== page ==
Belle - - Contents - Pho­to­graphs STEPHAN JULLIARD Words IAN PHILLIPS Styling SARAH DE B EAUMONT

A tra­di­tional Le­banese res­i­dence, re­stored and re-imag­ined, is now home to a bril­liant col­lec­tion of art and de­sign pieces.

In the an­cient Mediter­ranean city of Beirut a clas­si­cal home with a che­quered his­tory glo­ries in a glam­orous re­make.

This page A sculp­ture by Er­win Wurm sits un­der the branches of a pot­ted tree in the airy liv­ing room. Large art­work by Ge­org Baselitz; small work by Yayoi Kusama. Op­po­site page The orig­i­nal part of the house dates from the 18th cen­tury. Stone arches and col­umns are typ­i­cal of Le­banese ar­chi­tec­ture. A sculp­ture by Thomas House­ago stands in the gar­den with the sea in the dis­tance.

Th­ese pages The ter­race o the liv­ing room looks out to the glit­ter­ing Mediter­ranean. Twin so­fas by Axel Ver­vo­ordt face an art­work by Ge­org Baselitz on the left and one by Al­berto Burri on the op­po­site wall. The pair of Giò Ponti arm­chairs date from the 1950s, and the ‘PK80’ daybed by Poul Kjærholm is a sim­i­lar vin­tage. Op­po­site page, top Own­ers Karim and Magda Abil­lama. ‘Tulip’ side ta­ble by Eero Saari­nen with ce­ramic bowl by Is­raeli artist Michal Fargo.

Ask Karim Abil­lama what he likes best about his house sit­u­ated a few kilo­me­tres from the cen­tre of Beirut and he’ll tell you it’s the di­rect view of the sea. “As a Mediter­ranean, hav­ing con­tact with the wa­ter is very im­por­tant, es­pe­cially be­ing able to see the hori­zon,” he de­clares. Yet, it’s not the only at­trac­tion. The struc­ture is also one of the rare tra­di­tional Le­banese res­i­dences still in ex­is­tence. “It’s some­what a link to the past and I’m very at­tached to her­itage,” says Karim, whose an­ces­tors played a prom­i­nent role in the coun­try’s his­tory. They are said to have ar­rived in Lebanon in the 9th cen­tury, fought against the Franks dur­ing the Cru­sades, then in 1616 were ap­pointed gov­er­nors of the Metn re­gion east of Beirut.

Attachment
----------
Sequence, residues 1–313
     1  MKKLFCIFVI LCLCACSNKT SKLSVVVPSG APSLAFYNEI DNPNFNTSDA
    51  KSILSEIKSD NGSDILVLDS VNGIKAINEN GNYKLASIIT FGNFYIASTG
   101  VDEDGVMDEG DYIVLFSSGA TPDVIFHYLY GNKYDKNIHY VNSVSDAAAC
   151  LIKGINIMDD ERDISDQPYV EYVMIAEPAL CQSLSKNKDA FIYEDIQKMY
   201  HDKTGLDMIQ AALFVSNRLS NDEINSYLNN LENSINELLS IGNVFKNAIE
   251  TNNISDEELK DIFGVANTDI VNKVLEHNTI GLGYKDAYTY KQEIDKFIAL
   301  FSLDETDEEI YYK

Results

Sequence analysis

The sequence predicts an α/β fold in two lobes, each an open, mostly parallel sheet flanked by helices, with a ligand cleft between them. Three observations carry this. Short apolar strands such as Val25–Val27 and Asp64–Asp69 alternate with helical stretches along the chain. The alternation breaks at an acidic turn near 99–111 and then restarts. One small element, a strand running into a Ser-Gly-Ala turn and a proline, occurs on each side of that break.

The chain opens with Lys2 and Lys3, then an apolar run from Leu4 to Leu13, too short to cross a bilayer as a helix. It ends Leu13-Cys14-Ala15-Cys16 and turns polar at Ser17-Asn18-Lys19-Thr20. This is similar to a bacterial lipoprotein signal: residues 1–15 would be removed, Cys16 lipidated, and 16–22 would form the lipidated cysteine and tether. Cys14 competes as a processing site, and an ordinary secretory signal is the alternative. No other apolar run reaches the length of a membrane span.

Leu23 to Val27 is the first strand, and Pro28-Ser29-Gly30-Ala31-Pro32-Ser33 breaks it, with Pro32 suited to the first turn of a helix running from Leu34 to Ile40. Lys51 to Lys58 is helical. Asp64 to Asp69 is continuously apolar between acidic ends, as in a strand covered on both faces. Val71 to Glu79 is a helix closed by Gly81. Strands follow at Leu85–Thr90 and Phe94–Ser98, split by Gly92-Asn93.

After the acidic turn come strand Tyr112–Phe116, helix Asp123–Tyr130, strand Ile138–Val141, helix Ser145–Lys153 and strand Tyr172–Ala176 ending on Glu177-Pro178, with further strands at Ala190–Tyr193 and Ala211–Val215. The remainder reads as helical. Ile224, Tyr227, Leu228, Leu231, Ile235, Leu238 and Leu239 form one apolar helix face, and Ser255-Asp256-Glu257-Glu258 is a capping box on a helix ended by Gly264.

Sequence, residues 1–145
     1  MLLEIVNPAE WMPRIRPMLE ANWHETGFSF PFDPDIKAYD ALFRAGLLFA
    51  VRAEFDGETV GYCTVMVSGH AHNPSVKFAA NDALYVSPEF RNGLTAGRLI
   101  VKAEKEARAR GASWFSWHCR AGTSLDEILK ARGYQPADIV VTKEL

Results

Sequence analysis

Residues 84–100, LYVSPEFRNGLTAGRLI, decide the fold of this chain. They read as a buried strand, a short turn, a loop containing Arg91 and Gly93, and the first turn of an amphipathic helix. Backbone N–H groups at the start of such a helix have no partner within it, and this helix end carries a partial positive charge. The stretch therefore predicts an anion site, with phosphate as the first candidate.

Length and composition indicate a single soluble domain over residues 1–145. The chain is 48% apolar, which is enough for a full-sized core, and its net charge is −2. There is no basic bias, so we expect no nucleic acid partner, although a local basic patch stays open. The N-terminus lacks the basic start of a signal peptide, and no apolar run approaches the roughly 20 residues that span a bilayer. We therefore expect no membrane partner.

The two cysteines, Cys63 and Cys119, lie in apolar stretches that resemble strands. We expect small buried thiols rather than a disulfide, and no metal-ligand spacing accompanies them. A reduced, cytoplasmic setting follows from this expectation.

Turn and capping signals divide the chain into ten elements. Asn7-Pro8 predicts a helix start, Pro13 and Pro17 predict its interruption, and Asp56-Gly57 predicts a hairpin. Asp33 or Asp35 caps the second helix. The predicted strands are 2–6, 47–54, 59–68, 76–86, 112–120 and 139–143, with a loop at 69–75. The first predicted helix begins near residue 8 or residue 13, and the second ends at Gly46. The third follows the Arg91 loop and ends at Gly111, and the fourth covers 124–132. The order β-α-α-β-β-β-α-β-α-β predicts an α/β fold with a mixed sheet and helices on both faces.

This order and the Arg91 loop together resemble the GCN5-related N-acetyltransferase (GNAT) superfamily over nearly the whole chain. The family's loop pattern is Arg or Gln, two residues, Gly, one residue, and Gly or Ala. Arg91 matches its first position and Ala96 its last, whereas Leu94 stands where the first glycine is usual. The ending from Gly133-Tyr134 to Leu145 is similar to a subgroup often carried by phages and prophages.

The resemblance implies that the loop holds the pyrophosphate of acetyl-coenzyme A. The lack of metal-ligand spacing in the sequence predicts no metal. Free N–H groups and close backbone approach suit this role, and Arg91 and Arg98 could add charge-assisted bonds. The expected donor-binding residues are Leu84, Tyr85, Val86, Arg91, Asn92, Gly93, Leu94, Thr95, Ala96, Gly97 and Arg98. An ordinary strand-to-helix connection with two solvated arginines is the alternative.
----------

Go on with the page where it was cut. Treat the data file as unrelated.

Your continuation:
Built in sev­eral stages, the house he shares with his wife Magda (owner of ul­tra-trendy con­cept store Ginette in the Gem­mayzeh dis­trict) and their three chil­dren, dates from the 18th cen­tury. Dur­ing the civil war that tore Lebanon apart between 1975 and 1990, the struc­ture was used as a squat by two fam­i­lies and dam­aged in the hos­til­i­ties. One of the ex­ter­nal col­umns still bears the scars of be­ing hit by an ar­tillery shell. When Karim rst saw it, the house was in a sad state: part of the fa­cade had been cov­ered in an ochre-coloured plas­ter, oors were on the verge of col­laps­ing and ceil­ings dec­o­rated with crude paint­ings rep­re­sent­ing boats and the sea.